So that is can be used in SOC detection workflows.

Security operations have become increasingly proficient at using structured threat intelligence to enrich alerts, and accelerate investigation and threat hunting workflows.

Threat intelligence platforms have largely automated the process of collecting, extracting and normalizing intel from structured data sources.

However, a significant amount of intelligence available today is still shared through blogs, advisories and research articles, which requires further processing to make it machine readable (and usable by SIEM and SOAR tools).

In Stixify and Obstracts we currently keyword matches, for example creating a STIX 2.1 object from a keyword or regular expression match.

The problem with relying on such logic is that reports are often very descriptive. For example, different authors describe the same behaviours and techniques with differing language.

Natural language processing (NLP) refers to the branch of computer science—and more specifically, the branch of artificial intelligence or AI—concerned with giving computers the ability to understand text and spoken words in much the same way human beings can.

There is a lot of academic research into natural language processing (NLP). In other fields this research has been widely commercialised, and we’re now starting to see it being adopted in the field of threat intelligence.

I’ve recently been doing a bit of research into open tools that turn unstructured intelligence into a structured format, like STIX 2.1, using NLP.

Unstructured Threat Intelligence Processing Tool (UTIP)

One of the first fully formed project I found was Unstructured Threat Intelligence Processing Tool (UTIP).

UTIP appears to be built by a team at Accenture and was presented at Black Hat in 2015, though I couldn’t find the session listed publicly, nor find the recording).

Unstructured Threat Intelligence Processing Tool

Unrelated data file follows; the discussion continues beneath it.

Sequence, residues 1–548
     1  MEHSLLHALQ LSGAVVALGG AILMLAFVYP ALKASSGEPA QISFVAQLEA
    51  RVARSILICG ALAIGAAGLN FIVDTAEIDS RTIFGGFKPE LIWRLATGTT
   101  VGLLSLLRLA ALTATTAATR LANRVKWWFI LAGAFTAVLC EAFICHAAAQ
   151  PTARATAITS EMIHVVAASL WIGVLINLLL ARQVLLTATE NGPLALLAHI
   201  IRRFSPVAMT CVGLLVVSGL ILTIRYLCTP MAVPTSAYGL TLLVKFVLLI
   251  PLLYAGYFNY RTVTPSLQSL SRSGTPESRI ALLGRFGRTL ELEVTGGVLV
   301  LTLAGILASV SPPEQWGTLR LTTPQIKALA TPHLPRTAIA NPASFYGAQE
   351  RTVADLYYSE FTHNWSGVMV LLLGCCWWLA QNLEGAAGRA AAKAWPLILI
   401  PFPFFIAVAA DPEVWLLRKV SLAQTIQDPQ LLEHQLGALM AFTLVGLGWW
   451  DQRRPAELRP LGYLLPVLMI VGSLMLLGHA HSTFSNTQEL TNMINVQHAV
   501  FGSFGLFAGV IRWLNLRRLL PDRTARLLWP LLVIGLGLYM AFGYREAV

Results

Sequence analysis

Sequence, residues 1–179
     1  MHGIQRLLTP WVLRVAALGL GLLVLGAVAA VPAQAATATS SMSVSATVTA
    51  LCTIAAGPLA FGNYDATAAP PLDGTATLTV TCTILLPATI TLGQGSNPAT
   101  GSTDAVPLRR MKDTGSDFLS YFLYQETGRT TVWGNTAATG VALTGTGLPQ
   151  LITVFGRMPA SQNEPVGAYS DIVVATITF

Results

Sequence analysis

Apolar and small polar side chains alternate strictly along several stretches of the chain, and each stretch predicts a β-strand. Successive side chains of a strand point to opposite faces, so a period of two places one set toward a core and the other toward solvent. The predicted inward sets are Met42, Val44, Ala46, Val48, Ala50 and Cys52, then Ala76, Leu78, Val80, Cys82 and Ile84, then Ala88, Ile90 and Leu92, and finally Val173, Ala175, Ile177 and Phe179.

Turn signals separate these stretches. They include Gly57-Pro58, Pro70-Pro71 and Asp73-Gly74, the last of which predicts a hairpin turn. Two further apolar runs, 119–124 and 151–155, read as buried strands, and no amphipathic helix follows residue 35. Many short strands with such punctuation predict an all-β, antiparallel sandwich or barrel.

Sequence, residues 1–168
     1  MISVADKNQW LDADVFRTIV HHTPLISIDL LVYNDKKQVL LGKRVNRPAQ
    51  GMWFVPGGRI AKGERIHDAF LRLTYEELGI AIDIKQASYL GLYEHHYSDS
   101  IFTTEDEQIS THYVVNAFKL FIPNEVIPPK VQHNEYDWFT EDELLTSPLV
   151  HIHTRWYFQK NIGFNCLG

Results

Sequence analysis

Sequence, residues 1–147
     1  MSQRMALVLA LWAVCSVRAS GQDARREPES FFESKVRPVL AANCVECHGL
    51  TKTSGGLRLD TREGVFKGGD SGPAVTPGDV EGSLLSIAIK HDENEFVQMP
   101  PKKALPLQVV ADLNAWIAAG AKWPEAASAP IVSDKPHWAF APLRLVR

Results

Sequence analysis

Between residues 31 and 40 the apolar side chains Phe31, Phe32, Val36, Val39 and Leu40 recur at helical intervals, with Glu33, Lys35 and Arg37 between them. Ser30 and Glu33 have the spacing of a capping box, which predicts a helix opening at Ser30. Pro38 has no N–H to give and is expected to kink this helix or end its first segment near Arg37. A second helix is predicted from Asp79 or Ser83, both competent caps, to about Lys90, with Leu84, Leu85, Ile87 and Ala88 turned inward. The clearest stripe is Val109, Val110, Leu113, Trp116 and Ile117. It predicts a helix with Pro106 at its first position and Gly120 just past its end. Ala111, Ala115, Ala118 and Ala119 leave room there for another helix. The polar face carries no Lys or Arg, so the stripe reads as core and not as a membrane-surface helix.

Unstructured Threat Intelligence Processing Tool

From the slides you can see information extraction is done on uploaded reports. The logic for extraction (and confidence in extraction) comes from an NLP component (sadly, not much I can deduce from the slides about this) before the data is packaged into STIX 1.0.


In 2017 a conference paper is released with the title; TTPDrill: Automatic and Accurate Extraction of Threat Actions from Unstructured Text of CTI Sources.

TTP builds on UTIP as it maps of extracted TTPs to other standardised frameworks including ATT&CK and the Kill Chain.

The project appears to have since been abandoned, the last commit on GitHub was 2 years ago.

Threat Report ATT&CK Mapper (TRAM)

The most developed (and open) tool I found was MITRE’s Threat Report ATT&CK Mapper (TRAM).

TRAM provides a streamlined approach for analysing reports and extracting ATT&CK techniques from reports.

You can find TRAM repository on GitHub here.

Death to the IOC: What’s Next in Threat Intelligence

Another Black Hat talk, this time from 2019; Death to the IOC: What’s Next in Threat Intelligence.

The talk describes the process of building a Cyber Entity Extractor and the evaluation of various models on real world data to do so.

Slides from the talk here.

Making Sense of Unstructured Threat Data

Applies Doc2Vec classification methodology to cluster vulnerability descriptions from the NVD and map clusters to a specific ATT&CK technique.

Other notable research

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